Yes, it does. It handles packages exactly the same way as Debian and Ubuntu, that is reliably and user friendly manner.

I'm a bit out of my league here, but I just read the following post located at
http://murga-linux.com/puppy/posting.php?mode=quote&p=601023 :

Quote:
sickgut
Joined: 23 Mar 2010
Posts: 1157
Location: Tasmania, Australia in the mountains.

Posted: Tue 31 Jan 2012, 12:45

The only reason Puppy cant run other distros packages well is because of the extremely stripped down kernel. As soon as you try to install a package that relies on stuff that should really be in a linux kernel that puppy doesnt have then it wont work.

...

The only clear answer as i have discovered is to start with a more compatible base. There is no point in trying to retro fit another OSes packages on top of Puppy.

it doesnt matter if you have fitted apt-get or synaptic or whatever to puppy, the package manager isnt the issue the issue is that the puppy base itself isnt compatible with the packages you will wish to install.


Does this new distro address that problem?

.
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Semme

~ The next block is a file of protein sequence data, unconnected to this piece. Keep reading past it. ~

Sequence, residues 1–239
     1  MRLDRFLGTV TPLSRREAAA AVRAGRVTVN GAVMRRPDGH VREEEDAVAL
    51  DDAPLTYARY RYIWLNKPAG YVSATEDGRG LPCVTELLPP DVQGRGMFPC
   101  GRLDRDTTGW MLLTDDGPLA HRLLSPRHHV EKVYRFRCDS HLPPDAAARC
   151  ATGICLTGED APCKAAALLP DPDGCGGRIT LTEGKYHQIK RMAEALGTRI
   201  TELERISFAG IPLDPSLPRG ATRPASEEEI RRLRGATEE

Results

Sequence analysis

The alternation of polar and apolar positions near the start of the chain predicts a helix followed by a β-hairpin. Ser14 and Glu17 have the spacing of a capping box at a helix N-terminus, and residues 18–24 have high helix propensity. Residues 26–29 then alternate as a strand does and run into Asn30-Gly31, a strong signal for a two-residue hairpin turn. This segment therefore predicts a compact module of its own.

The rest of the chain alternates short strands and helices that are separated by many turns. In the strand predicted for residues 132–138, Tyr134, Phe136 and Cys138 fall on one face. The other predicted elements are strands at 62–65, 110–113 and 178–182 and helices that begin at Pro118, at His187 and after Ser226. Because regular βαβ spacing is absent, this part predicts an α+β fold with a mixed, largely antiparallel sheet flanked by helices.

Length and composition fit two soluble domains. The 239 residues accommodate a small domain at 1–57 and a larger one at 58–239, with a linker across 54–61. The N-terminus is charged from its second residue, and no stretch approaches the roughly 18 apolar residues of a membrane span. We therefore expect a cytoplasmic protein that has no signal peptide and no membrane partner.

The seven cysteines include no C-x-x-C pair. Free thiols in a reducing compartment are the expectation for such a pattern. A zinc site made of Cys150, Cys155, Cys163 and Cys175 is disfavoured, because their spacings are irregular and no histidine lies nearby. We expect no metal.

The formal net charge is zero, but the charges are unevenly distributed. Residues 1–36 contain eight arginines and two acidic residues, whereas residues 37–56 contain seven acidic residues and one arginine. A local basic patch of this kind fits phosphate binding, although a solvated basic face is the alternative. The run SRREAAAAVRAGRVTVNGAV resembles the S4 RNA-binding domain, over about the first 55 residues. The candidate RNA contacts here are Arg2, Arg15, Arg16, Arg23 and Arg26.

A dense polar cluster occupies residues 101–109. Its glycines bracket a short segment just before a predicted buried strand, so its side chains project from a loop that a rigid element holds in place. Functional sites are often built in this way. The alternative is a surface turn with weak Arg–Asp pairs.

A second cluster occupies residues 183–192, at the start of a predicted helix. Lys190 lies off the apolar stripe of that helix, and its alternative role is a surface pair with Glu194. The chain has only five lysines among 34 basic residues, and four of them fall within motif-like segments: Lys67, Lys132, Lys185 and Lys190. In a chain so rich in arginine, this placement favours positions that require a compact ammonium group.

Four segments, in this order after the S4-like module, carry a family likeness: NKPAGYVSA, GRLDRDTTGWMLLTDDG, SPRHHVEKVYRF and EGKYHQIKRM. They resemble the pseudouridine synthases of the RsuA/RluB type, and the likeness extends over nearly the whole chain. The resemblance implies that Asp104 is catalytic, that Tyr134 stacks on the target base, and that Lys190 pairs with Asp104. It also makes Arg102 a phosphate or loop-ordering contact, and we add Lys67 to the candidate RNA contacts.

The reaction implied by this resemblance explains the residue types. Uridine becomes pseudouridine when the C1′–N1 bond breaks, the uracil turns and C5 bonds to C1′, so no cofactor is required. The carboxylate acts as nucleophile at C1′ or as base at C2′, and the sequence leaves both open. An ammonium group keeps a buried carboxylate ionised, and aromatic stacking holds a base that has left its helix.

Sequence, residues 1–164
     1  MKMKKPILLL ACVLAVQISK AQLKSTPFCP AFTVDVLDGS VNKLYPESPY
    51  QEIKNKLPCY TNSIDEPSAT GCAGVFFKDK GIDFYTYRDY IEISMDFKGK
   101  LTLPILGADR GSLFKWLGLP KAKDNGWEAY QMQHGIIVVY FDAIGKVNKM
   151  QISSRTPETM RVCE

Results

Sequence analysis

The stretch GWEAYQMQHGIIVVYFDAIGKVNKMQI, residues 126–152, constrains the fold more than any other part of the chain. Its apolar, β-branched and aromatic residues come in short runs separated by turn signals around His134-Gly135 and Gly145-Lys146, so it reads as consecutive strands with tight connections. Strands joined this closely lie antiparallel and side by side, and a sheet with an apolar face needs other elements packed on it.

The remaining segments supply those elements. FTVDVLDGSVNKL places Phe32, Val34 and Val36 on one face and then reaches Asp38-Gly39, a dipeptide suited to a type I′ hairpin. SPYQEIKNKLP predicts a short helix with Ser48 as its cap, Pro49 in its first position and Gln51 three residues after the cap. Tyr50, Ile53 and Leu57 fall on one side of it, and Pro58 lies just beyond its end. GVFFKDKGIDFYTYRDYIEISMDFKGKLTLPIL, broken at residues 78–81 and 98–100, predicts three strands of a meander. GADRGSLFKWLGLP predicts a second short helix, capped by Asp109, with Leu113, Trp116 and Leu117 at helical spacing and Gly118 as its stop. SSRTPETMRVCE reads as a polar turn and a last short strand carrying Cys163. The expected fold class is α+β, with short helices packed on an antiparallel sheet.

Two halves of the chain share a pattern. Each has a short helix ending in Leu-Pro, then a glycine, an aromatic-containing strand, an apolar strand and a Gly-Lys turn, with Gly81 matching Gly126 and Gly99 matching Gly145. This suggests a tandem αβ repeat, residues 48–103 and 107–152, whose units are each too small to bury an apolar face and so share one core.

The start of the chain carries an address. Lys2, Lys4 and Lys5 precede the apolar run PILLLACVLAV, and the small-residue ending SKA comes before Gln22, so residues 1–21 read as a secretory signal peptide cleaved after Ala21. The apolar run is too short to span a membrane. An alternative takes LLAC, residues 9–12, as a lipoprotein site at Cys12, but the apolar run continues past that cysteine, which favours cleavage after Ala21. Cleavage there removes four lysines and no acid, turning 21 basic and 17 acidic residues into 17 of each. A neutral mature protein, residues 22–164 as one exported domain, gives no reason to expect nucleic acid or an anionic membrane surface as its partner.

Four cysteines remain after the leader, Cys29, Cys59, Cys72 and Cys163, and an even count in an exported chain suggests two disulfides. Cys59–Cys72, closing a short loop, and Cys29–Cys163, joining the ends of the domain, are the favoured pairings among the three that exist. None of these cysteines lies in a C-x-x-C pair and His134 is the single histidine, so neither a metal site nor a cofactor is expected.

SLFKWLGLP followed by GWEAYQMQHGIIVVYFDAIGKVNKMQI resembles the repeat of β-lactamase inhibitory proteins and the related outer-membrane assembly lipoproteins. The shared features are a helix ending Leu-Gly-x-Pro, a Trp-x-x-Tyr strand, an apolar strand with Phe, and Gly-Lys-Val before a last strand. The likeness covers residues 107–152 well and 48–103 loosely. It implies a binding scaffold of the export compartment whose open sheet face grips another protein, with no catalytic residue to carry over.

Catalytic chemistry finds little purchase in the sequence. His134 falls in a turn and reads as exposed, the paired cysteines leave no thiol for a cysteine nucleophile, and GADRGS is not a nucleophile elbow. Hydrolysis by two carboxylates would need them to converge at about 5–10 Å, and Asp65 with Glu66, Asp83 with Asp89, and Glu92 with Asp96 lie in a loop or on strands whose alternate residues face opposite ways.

Joined: 07 Aug 2011
Posts: 4136
Location: World_Hub

PostPosted: Wed 23 Apr 2014, 16:35    Post subject:  

Rescue's fine. You want the full Monty.. well, you better be willing to sink yer teeth in.

Pup's environment is outstanding. But, don't expect to tap the cli and have an extra five hundred and fifty megs worth of libs @ your fingertips. The other guys are somewhat more functional as desktops because of all those steenking libs! Pup ain't perfect, but neither are the other guys. For me, and most, it boils down to hw recognition.

As far as Very Happy deps, Deb and Ubuntu are virtually identical. While Pup lacks the internals of either, he certainly shines when it comes to placing the user in the drivers seat. Needless to say, all three communities are loaded with top-notch support.
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anikin

Joined: 10 May 2012
Posts: 556

PostPosted: Wed 23 Apr 2014, 17:21    Post subject:  

Ether,
Debian Dog is 100 % Debian under the hood. It uses the same kernel and the same package management system. Discussing theoretical issues is one thing, but you first need to touch the bare metal with your own hands. Just start using it and you'll be pleasantly surprised.